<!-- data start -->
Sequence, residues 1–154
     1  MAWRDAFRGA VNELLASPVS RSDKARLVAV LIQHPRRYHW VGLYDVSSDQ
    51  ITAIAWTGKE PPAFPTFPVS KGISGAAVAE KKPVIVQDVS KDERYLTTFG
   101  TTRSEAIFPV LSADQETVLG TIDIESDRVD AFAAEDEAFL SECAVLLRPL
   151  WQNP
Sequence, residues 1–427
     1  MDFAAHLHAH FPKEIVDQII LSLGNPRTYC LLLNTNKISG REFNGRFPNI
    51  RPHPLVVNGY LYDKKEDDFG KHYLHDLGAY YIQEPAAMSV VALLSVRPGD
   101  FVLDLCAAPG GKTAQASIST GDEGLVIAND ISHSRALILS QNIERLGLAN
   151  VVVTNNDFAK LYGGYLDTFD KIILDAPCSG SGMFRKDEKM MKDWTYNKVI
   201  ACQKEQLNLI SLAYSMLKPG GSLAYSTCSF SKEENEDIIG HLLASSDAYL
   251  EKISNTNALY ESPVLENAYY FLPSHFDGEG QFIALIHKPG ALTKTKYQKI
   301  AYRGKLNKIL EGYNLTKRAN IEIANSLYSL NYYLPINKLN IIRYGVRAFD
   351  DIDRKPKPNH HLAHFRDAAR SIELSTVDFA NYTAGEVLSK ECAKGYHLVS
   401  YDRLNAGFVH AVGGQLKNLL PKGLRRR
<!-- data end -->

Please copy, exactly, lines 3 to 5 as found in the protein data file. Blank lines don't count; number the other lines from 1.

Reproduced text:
    51  ITAIAWTGKE PPAFPTFPVS KGISGAAVAE KKPVIVQDVS KDERYLTTFG
   101  TTRSEAIFPV LSADQETVLG TIDIESDRVD AFAAEDEAFL SECAVLLRPL
   151  WQNP